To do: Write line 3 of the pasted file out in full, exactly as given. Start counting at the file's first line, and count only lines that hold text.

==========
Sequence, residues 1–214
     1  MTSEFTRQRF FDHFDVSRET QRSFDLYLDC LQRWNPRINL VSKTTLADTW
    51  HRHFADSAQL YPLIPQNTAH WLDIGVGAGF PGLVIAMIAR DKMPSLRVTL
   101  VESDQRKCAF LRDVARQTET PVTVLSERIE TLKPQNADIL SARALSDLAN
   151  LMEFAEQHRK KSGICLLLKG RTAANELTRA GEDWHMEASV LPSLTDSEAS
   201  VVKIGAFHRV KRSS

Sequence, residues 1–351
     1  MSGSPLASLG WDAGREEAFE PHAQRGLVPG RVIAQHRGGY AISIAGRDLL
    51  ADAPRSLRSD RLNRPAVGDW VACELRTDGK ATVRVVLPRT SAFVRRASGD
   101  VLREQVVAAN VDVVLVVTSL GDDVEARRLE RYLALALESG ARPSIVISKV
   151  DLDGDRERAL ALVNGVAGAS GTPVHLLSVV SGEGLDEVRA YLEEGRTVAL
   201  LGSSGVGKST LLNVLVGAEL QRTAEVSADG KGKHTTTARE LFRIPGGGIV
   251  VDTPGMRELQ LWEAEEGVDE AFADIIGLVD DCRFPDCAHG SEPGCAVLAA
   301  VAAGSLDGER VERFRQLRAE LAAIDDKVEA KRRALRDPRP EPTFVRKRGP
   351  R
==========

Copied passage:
    51  HRHFADSAQL YPLIPQNTAH WLDIGVGAGF PGLVIAMIAR DKMPSLRVTL